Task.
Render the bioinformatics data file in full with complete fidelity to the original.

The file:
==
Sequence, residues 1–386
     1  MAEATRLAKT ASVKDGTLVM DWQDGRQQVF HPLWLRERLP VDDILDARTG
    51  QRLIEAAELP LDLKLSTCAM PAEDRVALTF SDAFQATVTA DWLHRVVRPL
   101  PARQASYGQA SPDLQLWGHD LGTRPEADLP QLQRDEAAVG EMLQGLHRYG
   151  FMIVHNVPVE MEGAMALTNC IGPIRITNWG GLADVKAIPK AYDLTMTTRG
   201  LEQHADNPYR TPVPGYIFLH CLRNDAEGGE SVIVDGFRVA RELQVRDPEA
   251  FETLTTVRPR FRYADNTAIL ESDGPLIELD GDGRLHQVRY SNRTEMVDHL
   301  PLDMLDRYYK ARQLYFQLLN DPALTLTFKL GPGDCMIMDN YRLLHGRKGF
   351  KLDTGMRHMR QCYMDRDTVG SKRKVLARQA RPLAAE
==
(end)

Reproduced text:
Sequence, residues 1–386
     1  MAEATRLAKT ASVKDGTLVM DWQDGRQQVF HPLWLRERLP VDDILDARTG
    51  QRLIEAAELP LDLKLSTCAM PAEDRVALTF SDAFQATVTA DWLHRVVRPL
   101  PARQASYGQA SPDLQLWGHD LGTRPEADLP QLQRDEAAVG EMLQGLHRYG
   151  FMIVHNVPVE MEGAMALTNC IGPIRITNWG GLADVKAIPK AYDLTMTTRG
   201  LEQHADNPYR TPVPGYIFLH CLRNDAEGGE SVIVDGFRVA RELQVRDPEA
   251  FETLTTVRPR FRYADNTAIL ESDGPLIELD GDGRLHQVRY SNRTEMVDHL
   301  PLDMLDRYYK ARQLYFQLLN DPALTLTFKL GPGDCMIMDN YRLLHGRKGF
   351  KLDTGMRHMR QCYMDRDTVG SKRKVLARQA RPLAAE